The idea that our iPhone could intervene in almost every technological function that we use in our daily lives has been persistent since the touch screen first came on the market. Instead of having all encompassing iPhone applications that focus on bringing together all of the technology that you use in your personal and professional lives the iTunes’ App Store has focused mainly on games and single function iPhone applications that do a single useful item at most. Most of the iPhone applications that have come in an attempted to create full integration and heighten the possible uses of your pocket computer have been either expensive or overly complicated, and often times both.
It is in this environment where Clip Printer and Transfer has been released in an effort to give you a direct link from your iPhone to your computer. The idea behind Clip Printer and Transfer is a reasonable one, and it may have been successful if it was not much more work than is reasonable in most situations.
The basic premise of Clip Printer and Transfer for your iPhone is to take clips and images, among a whole host of other items, from your iPhone and then print them out from your computer. As is even listed on the iTunes’ App Store page for Clip Printer there is a whole host of different things that you could do with it in this context. You can print maps directly from a map based application on your phone, do the same with pictures and text items, and create a back and forth situation between your iPhone and computer. This sounds like a nice system if it did not require a complicated process of installing WePrint on your computer and setting up wireless connections between the two. This process would not be unreasonable if the result was something groundbreaking, but it fails to be that remarkable.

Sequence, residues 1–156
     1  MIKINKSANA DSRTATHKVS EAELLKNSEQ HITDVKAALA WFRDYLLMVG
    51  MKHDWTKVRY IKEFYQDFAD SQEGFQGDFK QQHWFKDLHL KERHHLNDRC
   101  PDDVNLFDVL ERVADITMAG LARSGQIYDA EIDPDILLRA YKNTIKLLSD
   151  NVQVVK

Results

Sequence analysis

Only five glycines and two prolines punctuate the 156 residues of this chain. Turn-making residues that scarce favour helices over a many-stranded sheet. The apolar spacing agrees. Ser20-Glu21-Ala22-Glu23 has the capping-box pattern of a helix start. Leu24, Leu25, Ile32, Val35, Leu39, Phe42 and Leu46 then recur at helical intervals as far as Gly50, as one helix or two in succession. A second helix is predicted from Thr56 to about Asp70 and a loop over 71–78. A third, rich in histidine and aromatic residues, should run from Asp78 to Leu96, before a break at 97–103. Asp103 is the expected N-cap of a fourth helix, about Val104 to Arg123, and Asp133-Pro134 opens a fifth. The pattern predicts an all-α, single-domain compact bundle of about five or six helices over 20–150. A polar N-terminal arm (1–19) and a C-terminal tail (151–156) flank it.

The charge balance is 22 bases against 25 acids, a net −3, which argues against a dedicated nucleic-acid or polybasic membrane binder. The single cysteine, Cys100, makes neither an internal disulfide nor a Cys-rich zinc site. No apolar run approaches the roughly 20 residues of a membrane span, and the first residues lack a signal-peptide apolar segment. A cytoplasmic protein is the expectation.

The design of Clip Printer and Transfer appears in perfect organization, in a lot of ways modeling itself after other file management systems. This is fine in theory, except that it takes a learning curve to even get moderate use out of Clip Printer and Transfer and this is simply not worth the trouble for what most people will end up getting out of the application. The “Copy” function that comes in Clip Printer and Transfer is pretty standard on the iPhone already, except in that it now allows you to copy onto a third party machine. The real question is whether or not this is of any real use. For example, you have the ability to copy and print text messages from your phone onto your computer’s printer. You copy the text message into Clip Printer and Transfer, make the connection to your computer, and set up a print. Even this process alone is complicated for new users in the interface, and in the end you have simply made a successful print job of a text message. This is not the kind of result that should require this kind of effort.
There are a lot of ins and outs to Clip Printer and Transfer, which is not to say they are all useless. The ability to unzip files, communicate with your base computer, and customize almost every aspect of it right in the application are all nice. The only problem relevant with Clip Printer and Transfer is if all the trouble and complexities are going to be justifiable to the uses that most iPhone owners will actually have. Clip Printer and Transfer is $4.99 at the iTunes’ App Store and is worth the money if you will find common use in it. If not then the time it takes to orient yourself with the interface and prepare your system for is going to be more of an issue that the cost.